If you want to upgrade to a 4K TV, but are put off by their hugely inflated prices, then Toshiba's 58L9363 looks like a more tempting proposition on paper. Available for around £2,300, it looks like a bargain next to the likes of Sony's 55X9005, which will set you back around £500 more, but has Toshiba compromised on performance to hit such a low price?
Despite the 4K screen resolution, Toshiba has used the same menu system that it used on its Full HD TVs from 2013. On the plus side, these have a more logical layout than the menus on the company's 2012 TVs, so stuff like colour and motion processing settings are easier to find. The big downer, however, is how sluggish the menus feel when you're using them. They're so slow to respond that at times I was worried the remote control had stopped working.
The set's standard guide is behind the curve too. It doesn’t have a video thumbnail view, so you can't keep an eye on the programme you were watching when you call up the programming guide. The layout also looks bland, but at least it displays a lot of programming on a single screen so you don’t have to do as much scrolling around as on some competitors models.
Toshiba also offers a secondary Internet-enabled guide, that pulls in pictures and extra metadata about shows. It's very sluggish to start up though, and I found myself making do with the standard programming guide instead.
This set relies on Toshiba's Cloud TV system for its smart TV features. I quite admire Toshiba's grand vision for Cloud TV. It tries to bring together smart apps with social media services, such as Twitter and TiVo style suggestions for stuff you might want to watch. The execution leaves a lot to be desired though. The whole system is slow and cumbersome to use. It's also severely lacking in movie on-demand and catch-up TV apps. It does have iPlayer, Netflix and Blinkbox, but lacks 4oD, Demand5, ITV Player and Lovefilm, for example.
As you'd expect the set also has a media player onboard that can be used either to stream files across a network from a PC or NAS drive or to play them back from a USB connected hard drive. This plays 1080p files, but didn't work with the Ultra HD files I tried in H.264 MP4 and MKV format.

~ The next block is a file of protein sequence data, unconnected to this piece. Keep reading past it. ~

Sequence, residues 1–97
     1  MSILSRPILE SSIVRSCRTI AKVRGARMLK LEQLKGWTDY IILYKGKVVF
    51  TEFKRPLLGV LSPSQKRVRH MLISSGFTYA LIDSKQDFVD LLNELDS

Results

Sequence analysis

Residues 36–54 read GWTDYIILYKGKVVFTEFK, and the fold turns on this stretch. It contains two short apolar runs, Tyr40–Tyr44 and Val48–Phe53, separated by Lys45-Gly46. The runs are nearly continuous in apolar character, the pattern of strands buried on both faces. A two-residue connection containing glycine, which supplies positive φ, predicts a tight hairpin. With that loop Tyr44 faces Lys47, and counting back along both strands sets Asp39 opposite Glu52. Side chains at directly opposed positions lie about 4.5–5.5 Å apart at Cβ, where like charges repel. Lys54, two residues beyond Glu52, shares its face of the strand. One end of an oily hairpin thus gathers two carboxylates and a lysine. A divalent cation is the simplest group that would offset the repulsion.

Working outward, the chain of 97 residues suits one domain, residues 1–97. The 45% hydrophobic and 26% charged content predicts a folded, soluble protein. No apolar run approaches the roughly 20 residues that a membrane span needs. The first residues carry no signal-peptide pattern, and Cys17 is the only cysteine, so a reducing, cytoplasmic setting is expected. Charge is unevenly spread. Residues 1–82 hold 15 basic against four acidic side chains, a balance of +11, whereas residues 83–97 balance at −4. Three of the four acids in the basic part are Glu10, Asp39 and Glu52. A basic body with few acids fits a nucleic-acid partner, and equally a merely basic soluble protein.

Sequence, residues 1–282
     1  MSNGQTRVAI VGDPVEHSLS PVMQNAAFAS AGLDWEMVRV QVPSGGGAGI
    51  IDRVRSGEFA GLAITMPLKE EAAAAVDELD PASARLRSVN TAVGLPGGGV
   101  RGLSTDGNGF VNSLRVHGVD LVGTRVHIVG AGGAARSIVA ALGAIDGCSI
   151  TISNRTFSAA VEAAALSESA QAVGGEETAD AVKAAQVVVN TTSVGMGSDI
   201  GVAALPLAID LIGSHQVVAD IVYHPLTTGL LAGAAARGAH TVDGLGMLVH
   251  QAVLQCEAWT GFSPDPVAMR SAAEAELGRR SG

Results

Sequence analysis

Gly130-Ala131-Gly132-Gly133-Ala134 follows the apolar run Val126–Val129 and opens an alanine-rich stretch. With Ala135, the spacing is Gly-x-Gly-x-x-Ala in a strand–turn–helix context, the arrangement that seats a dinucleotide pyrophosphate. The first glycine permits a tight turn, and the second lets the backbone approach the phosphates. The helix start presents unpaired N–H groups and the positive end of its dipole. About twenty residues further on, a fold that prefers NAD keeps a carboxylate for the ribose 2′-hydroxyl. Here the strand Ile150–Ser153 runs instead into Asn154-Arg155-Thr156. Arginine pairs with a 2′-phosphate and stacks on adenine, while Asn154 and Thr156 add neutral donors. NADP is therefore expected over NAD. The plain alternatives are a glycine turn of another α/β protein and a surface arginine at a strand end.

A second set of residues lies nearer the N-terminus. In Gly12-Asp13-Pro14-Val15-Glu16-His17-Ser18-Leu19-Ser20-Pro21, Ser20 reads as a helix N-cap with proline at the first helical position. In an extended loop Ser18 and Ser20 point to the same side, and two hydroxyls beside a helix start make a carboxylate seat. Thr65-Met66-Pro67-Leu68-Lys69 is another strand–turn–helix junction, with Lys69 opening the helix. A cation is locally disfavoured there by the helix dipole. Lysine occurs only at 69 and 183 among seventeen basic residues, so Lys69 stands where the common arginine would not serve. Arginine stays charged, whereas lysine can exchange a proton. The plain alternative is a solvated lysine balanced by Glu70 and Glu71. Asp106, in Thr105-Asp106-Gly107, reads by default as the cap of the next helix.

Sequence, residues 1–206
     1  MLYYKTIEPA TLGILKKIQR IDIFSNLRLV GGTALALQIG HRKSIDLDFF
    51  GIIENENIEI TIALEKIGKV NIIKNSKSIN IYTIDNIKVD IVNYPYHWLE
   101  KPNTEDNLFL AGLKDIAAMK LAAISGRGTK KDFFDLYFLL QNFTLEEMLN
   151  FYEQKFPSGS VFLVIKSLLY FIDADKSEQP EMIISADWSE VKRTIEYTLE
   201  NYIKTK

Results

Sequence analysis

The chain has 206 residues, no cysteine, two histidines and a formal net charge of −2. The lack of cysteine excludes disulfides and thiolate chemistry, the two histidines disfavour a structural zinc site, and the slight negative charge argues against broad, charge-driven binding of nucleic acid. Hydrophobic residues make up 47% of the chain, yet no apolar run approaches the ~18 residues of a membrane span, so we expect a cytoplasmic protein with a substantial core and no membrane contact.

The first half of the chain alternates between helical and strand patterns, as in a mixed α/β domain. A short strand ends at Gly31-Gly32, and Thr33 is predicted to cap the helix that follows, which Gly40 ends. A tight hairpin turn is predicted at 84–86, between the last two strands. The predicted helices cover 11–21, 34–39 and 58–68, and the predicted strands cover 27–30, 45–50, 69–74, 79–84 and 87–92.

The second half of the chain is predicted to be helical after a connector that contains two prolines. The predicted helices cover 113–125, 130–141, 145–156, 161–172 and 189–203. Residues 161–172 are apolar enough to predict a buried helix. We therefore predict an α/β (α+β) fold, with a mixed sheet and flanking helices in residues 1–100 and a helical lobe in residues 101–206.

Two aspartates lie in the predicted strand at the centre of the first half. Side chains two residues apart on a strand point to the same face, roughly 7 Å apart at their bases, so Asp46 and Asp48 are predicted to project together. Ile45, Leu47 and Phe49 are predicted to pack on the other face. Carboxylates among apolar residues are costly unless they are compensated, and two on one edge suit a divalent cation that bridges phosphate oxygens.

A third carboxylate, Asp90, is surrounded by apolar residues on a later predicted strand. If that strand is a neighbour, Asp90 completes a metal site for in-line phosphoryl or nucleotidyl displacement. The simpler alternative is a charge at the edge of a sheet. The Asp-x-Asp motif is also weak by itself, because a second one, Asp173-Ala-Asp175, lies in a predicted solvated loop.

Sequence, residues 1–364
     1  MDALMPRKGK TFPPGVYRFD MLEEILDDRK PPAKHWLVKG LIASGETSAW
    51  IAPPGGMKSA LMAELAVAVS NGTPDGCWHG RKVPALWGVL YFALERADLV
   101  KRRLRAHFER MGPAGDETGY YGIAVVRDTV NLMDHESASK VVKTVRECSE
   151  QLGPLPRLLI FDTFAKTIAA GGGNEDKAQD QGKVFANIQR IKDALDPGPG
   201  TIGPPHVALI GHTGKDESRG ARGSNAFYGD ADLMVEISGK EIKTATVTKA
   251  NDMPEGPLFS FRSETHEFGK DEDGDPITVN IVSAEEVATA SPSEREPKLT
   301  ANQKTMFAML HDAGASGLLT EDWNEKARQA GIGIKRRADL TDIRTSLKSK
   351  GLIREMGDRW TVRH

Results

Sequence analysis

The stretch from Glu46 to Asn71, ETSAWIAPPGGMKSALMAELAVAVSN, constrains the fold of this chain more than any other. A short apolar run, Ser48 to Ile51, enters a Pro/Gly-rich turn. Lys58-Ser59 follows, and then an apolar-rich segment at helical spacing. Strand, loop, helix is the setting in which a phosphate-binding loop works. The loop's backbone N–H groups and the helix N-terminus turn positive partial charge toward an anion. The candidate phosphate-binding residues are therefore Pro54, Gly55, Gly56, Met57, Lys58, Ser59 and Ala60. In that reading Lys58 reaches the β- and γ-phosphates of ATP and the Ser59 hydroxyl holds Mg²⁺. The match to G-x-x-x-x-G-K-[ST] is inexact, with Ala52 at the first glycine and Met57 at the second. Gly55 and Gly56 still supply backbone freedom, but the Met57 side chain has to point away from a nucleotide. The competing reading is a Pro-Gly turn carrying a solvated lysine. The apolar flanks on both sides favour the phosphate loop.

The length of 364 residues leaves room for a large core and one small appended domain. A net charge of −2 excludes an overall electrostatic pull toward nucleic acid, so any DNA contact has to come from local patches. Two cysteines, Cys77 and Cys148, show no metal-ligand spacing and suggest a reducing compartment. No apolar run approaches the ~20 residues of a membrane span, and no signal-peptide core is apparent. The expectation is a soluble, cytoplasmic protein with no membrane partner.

Design and connections
The 58L9363 doesn't look much like a telly that costs over two grand. The chassis is plasticky and although elements of the styling are pleasant -- such as the narrow bezel and rounded corners on the bottom edge -- the overall look falls somewhere between low-end and mid-range telly level. The remote is a let down too. The buttons feel spongy, which combined with the TV's sluggish menu system, leads to a pretty unsatisfying user experience.
This model has four HDMI ports, but currently none of these conform to the HDMI 2.0 spec, so they're limited to delivering 4K resolutions at up to 30Hz. Toshiba says it will release a firmware upgrade in the future to allow these to accept feeds at up to 60Hz, but this will be similar to the upgrades for Sony's X9005 tellies in that it'll compress some of the colour signal slightly to achieve these higher frame-rates -- unlike Panasonic's WT600B, which has a proper HDMI 2.0 port. It's not a massive let down, as most people won't be able to tell the difference, but it's still annoying for purists.
The set also has three USB ports and an SD card slot. There's Wi-Fi and an Ethernet port onboard too. The Wi-Fi chip supports Wi-Di for screen mirroring from compatible laptops, but it doesn’t support Mirracast for mirroring from Android phones. Also, while there's a satellite port on the rear next to the RF input of the Freeview HD tuner, the satellite tuner isn’t Freesat compatible -- not hugely useful in the UK.